Over the past ten years I’ve noticed a trend that doesn’t seem to be diminishing and it’s played on my mind. I’ve tried to twist my perspective this way and that and I still haven’t come up with a definitive answer.
So today I thought I’d write about it and see if you had thoughts to share on the matter.
As a divorced woman in my 40s I’ve watched the relationships of numerous friends and acquaintances break-up. And it’s what has happened next that has me most perplexed.
Invariably the men move on to other relationships quickly while the women generally spend more time in recovery before even dipping their toe in the water again. Most men seem to barely draw breath before launching into something new. They can be emerging from a 10-year relationship or an intense affair and just a few weeks later they’re out there again, ready to repeat the experience. And they do. Within a very short space of time (often weeks or months) they’ll be ensconced in another relationship.
Most women on the other hand seem to take time for more self-reflection. They allow themselves the space to heal and are, often, not the least bit interested in trying on someone new until they’ve sorted through the mess of the old.
When I see this happening time and time again, I find it a little disconcerting.
Is it that men simply don’t need to process what went wrong? Do they truly have the capacity to just compartmentalise their past, stick it in a box and get on with it? Or are women just more inclined to navel-gaze and mull things over for extended periods of time?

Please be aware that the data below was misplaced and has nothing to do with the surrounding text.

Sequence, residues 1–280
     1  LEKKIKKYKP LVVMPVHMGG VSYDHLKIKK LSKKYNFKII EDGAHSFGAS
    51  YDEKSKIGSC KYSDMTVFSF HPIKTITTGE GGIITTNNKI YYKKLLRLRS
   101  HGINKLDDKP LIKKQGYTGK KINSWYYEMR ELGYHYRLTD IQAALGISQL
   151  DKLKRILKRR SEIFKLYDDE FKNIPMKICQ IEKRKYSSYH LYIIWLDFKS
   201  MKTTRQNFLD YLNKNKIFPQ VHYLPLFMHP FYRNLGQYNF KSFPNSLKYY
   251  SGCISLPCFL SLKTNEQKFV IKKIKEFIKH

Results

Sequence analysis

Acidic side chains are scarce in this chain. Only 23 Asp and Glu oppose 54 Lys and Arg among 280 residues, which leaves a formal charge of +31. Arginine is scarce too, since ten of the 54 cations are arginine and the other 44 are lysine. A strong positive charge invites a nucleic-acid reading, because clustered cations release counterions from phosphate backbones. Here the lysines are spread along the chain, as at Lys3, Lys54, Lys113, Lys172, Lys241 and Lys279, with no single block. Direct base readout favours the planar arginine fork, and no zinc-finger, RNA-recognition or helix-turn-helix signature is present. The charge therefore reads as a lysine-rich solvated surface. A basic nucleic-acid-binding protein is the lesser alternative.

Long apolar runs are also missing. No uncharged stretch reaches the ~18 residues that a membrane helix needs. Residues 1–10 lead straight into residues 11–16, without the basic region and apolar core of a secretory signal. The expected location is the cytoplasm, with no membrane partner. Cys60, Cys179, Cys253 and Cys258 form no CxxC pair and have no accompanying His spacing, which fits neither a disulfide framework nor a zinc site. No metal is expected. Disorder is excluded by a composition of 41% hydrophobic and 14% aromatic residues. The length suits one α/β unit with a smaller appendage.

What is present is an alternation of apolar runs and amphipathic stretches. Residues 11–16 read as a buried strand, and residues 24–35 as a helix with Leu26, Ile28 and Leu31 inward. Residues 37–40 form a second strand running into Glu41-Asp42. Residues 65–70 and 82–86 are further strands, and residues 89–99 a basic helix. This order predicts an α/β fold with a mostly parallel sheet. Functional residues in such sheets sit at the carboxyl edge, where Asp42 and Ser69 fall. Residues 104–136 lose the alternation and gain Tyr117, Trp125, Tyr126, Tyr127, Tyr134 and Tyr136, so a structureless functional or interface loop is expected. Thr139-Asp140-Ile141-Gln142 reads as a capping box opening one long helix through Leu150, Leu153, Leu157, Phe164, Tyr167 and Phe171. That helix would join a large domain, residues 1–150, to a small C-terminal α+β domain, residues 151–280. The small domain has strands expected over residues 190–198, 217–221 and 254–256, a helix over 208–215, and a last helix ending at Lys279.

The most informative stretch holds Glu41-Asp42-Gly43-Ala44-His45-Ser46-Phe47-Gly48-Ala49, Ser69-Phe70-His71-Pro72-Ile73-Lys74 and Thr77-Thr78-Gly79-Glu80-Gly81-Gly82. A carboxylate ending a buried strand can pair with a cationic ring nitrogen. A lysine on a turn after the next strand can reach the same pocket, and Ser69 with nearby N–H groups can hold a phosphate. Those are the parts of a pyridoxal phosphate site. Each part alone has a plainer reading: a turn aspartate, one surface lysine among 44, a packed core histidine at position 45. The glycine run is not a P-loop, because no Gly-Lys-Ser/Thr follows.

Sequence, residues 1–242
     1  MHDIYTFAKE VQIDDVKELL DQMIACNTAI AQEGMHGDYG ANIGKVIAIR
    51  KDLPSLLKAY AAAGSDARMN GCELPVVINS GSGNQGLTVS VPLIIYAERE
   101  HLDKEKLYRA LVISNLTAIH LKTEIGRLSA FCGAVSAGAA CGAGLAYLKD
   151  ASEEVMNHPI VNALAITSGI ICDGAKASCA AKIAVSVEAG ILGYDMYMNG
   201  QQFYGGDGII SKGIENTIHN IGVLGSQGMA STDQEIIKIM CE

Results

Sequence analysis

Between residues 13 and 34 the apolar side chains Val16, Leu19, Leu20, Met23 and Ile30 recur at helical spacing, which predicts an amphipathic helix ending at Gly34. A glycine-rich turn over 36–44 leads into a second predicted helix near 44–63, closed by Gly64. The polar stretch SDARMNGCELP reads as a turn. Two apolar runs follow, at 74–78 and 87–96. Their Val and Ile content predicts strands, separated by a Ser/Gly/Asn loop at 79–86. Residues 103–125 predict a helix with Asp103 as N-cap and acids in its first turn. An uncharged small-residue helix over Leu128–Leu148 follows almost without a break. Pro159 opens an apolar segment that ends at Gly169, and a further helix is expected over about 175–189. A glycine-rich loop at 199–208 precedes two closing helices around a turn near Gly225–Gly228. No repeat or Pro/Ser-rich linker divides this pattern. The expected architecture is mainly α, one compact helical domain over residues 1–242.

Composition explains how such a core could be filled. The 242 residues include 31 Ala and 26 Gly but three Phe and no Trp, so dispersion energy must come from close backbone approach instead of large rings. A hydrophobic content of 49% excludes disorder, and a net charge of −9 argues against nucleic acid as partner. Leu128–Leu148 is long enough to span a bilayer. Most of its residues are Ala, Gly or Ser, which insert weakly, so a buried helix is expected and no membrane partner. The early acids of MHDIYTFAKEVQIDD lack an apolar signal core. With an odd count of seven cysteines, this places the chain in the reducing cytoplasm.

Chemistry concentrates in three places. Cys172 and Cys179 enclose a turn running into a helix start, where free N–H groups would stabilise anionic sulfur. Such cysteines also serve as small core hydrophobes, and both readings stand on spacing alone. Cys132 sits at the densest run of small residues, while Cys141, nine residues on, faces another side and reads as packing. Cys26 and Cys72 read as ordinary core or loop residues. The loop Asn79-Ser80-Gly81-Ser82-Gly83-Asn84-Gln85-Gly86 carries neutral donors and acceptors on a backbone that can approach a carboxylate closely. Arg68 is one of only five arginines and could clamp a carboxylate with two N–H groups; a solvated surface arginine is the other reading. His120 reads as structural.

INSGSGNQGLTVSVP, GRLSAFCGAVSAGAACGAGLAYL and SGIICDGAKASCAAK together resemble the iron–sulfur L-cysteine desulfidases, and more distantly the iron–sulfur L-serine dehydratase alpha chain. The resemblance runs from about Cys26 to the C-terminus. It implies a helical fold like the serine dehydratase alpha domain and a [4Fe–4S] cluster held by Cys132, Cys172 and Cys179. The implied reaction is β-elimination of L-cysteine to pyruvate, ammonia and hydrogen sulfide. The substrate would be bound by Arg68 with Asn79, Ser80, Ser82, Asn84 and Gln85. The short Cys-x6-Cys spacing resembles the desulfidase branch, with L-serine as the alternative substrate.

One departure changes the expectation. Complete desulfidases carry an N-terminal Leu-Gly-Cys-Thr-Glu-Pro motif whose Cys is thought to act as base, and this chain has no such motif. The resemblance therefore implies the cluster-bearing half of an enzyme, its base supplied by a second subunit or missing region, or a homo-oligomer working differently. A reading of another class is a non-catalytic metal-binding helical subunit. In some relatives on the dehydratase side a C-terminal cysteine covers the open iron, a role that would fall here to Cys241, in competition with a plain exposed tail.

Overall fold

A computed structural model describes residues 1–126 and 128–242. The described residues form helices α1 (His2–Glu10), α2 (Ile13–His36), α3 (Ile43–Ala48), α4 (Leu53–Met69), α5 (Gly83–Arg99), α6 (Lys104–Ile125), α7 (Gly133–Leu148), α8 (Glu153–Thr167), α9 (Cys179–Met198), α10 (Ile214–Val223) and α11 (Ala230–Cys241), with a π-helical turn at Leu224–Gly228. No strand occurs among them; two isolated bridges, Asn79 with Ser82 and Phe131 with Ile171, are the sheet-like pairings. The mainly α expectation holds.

As a woman, I can’t claim to know what goes on inside a man’s head when it comes to these things. However I can’t help but think it’s not a healthy pattern to simply go from one relationship into the next without giving yourself the space to think about what went wrong. I also wonder why many men appear to find this type of self-contemplation so hard to do.
Is it that men can’t be alone? Or are they conditioned through our culture and societal expectations that they must have a partner to be considered successful? And so their first thought is they must find someone new and simply forget what came before – they just have to ‘get on with it’ because there are ‘plenty more fish in the sea’.
Now, I’m not advocating that humans are meant to live without companionship. As a wise man once told me, ‘No one really wants to be alone and if they say otherwise they are lying.’ Relationships with other human beings with the accompaniments of companionship, acceptance and physical touch are a vital part of our existence. And like all human beings, I desire that for myself too.
But surely there is more room for the self-awareness that comes from being alone, outside a relationship. And why do most women seem more willing to have that experience and to grant themselves the space to do so?
Are women more adaptable? Can they more easily fill their own inner well? Have many men not been taught how to do this and instead look to have it filled by women?
One of my male friends would tell me it’s all about the male ‘lizard brain’ that is purely motivated by sex and not much else. But I know many women who also value sex highly as a vital way to connect with their partners, so it can’t all be about that.
Like I said at the start of this post, I don’t have an answer to all this. But I do question the behaviour when I see it time and time again. I also know that those emotions that have been shoveled under the carpet will eventually re-surface in a not-so-healthy way in a later relationship and the new partner will have to deal with the male’s unresolved issues from the past.
And, as a woman who’s been on the receiving end of that experience, I have to tell you it’s no fun.